As a scholar of religion, I am particularly concerned about the liberty of Tibetans to practice their Buddhist traditions, a liberty abridged when the Chinese burned thousands of monasteries and nunneries in Tibet. As a human being, I am horrified by ongoing Chinese efforts to exterminate the Tibetans’ culture and language, and to refuse to the Tibetan people their human rights, including the right to self-determination.

So quote me on my disagreements with the Dalai Lama, if you will. But be sure to add this: The biggest moral outrage in Tibet today is the behavior of the Chinese government.

The opinions expressed in this commentary are solely those of Stephen Prothero.

- CNN Belief Blog contributor

Filed under: Asia • Buddhism • China • Dalai Lama • Death • Ethics • Politics • Protest • Religious liberty • Tibet • Tibet • Violence

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  4. Henry Song

    Not a fan of the Beijing government, but this isn't about the government anymore. This is about the history and the truth. You guys keep talking about "invading" Tibet. May I point out that Tibet was already part of China's territory as early as the Mid 13th century? You also says something like "cultural genocide"? Seriously, have you ever been to Tibet or even been to China? If you haven't, please go to the bank and exchange a 100-RMB note. Look the note, you'll find the language of Tibet on it. See? Tibetans are free to speak their language, perform their religious rutuals. We don't have any problem with that. If you mean providing them with more education oppurtunities and giving them more economical favors are "invading their culture", then most countries in the world are doing the same thing to their own less developed regions.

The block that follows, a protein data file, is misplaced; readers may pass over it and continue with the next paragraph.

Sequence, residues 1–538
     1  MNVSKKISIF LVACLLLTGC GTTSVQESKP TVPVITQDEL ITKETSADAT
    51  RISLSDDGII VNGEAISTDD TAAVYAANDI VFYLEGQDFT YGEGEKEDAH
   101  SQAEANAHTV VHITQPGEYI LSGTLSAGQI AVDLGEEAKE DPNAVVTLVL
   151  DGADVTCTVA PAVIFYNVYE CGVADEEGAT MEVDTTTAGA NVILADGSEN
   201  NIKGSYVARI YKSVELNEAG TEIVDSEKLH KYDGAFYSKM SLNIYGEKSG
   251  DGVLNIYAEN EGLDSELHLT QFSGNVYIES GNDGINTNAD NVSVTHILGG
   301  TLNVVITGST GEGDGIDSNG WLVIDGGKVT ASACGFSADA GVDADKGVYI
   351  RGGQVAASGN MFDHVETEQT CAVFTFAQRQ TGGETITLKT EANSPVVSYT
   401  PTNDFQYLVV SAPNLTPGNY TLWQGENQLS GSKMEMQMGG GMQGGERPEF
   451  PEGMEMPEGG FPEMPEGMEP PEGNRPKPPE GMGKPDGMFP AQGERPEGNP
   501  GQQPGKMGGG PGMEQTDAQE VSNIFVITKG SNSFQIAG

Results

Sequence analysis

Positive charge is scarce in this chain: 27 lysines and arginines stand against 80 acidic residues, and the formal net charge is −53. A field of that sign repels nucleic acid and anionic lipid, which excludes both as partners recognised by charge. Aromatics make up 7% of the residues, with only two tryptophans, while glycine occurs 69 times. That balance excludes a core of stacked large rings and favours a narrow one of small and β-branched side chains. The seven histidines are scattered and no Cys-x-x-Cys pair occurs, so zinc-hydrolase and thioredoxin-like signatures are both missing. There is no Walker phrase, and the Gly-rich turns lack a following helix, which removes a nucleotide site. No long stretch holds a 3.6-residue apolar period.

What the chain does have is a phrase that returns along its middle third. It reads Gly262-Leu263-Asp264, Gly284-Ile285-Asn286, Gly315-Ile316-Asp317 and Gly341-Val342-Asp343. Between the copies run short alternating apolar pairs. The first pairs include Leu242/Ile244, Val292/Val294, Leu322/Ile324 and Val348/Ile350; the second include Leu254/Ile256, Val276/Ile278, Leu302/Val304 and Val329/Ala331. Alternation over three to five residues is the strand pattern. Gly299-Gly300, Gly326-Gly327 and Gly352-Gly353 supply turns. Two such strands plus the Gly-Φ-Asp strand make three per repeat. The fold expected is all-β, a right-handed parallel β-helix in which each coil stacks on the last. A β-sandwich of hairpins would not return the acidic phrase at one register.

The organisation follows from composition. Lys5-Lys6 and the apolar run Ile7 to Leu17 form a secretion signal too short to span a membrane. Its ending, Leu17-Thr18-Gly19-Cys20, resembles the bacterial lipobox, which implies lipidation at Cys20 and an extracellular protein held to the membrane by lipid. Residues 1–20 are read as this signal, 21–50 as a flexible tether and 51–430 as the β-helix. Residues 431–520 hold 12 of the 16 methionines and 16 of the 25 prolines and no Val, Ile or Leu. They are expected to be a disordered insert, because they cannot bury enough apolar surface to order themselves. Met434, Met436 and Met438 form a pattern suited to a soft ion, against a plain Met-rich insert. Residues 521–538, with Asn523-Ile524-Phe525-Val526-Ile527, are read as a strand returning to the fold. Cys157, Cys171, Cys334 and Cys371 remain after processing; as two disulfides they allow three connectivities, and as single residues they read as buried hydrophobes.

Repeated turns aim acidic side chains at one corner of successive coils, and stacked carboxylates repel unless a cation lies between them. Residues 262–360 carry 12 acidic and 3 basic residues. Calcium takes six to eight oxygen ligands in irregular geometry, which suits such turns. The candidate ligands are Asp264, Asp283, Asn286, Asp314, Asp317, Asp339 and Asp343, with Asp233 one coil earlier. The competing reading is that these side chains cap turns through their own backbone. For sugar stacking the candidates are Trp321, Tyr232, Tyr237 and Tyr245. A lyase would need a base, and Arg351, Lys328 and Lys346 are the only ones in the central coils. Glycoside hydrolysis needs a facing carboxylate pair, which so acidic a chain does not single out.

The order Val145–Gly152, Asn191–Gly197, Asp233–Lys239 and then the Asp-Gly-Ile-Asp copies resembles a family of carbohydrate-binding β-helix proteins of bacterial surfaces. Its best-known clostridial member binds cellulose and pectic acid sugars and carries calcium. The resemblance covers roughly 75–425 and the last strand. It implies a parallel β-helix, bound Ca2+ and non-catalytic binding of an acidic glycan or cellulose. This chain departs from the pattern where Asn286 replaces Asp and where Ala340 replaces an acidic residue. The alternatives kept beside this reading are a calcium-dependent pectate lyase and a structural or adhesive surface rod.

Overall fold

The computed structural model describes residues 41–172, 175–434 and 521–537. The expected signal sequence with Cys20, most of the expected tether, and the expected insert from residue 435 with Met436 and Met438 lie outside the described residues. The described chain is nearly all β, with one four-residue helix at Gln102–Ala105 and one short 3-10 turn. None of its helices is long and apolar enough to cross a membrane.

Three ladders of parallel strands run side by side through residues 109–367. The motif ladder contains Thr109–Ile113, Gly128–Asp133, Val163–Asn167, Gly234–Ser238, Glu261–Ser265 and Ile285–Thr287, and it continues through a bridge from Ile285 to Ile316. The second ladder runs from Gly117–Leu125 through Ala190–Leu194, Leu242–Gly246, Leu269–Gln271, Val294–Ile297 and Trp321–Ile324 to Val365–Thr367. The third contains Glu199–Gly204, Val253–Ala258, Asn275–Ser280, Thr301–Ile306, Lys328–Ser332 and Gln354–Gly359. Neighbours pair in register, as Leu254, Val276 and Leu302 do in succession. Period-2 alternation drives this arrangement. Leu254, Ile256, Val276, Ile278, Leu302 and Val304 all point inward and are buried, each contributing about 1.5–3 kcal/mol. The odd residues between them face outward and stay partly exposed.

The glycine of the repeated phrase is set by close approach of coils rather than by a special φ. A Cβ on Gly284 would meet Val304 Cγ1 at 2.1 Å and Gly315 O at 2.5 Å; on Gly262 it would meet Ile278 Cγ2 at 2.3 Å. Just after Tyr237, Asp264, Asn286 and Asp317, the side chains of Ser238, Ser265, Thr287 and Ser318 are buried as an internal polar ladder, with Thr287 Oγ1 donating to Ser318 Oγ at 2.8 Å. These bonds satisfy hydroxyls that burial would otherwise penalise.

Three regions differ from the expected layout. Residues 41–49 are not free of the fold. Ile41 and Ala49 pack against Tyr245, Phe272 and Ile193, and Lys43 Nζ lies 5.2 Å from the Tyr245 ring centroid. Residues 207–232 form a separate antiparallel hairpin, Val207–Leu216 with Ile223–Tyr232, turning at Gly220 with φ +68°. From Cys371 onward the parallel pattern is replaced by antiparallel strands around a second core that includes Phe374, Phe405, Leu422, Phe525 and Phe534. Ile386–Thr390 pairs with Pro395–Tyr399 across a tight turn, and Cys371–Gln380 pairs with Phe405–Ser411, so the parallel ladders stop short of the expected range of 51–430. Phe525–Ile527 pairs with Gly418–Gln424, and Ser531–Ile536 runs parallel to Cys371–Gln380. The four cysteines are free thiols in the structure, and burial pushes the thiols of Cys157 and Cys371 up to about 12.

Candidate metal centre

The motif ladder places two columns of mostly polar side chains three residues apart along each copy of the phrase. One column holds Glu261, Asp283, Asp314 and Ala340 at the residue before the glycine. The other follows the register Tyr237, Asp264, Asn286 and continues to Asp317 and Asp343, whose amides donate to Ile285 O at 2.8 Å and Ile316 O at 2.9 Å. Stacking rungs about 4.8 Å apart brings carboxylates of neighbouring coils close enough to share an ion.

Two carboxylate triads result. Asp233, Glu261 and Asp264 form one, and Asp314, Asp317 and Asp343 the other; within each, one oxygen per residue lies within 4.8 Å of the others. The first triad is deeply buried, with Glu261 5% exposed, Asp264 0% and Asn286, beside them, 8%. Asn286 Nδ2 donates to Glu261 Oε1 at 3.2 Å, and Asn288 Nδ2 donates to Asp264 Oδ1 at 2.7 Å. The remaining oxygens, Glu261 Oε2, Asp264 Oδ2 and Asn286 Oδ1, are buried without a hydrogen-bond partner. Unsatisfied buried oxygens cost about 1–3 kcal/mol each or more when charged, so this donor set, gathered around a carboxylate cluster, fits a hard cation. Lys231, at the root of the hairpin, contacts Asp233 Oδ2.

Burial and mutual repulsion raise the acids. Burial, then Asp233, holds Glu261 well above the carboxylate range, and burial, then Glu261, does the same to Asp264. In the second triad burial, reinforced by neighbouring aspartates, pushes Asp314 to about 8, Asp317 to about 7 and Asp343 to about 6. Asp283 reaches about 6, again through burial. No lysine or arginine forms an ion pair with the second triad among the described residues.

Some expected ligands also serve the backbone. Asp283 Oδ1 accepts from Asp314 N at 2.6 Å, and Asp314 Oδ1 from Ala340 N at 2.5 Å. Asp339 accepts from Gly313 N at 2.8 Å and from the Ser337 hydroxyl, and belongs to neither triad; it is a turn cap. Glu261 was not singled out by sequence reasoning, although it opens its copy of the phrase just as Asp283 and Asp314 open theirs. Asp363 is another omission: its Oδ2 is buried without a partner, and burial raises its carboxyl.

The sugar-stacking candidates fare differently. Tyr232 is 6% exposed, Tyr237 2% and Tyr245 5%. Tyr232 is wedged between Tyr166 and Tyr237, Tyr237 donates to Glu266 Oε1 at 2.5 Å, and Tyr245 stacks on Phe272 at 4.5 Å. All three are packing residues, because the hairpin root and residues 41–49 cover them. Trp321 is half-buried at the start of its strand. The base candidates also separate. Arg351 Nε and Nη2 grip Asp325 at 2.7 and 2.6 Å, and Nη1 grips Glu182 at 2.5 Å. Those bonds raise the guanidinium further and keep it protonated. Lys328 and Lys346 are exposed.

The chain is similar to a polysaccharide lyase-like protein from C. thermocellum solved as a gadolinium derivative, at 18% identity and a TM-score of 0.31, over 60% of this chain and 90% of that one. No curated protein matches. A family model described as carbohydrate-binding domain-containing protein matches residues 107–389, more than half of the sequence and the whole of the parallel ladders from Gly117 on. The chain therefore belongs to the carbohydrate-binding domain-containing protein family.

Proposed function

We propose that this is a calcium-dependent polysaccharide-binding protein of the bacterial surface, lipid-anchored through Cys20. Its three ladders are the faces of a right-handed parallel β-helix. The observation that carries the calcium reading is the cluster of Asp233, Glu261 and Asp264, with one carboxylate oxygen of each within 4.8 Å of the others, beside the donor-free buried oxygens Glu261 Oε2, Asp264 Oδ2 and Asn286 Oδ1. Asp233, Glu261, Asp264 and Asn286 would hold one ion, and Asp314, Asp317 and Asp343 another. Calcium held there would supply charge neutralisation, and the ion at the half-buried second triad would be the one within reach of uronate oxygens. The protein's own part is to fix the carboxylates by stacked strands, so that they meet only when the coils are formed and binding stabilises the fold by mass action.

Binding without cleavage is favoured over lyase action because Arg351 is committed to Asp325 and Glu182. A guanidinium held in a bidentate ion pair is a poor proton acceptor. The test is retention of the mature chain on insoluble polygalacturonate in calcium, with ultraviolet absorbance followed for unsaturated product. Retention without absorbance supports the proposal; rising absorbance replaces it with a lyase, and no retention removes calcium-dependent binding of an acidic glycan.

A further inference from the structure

Dalai Lama is a liar. He wants anything but freedom. During his regime in Tibet, he was actually carrying out slavery. Now he figures that the word "freedom" would definitely earn him sympathy world-wide, he suddenly becomes a "fighter" for freedom. So don't even expect Tibet to be a better place with Dalai Lama being there.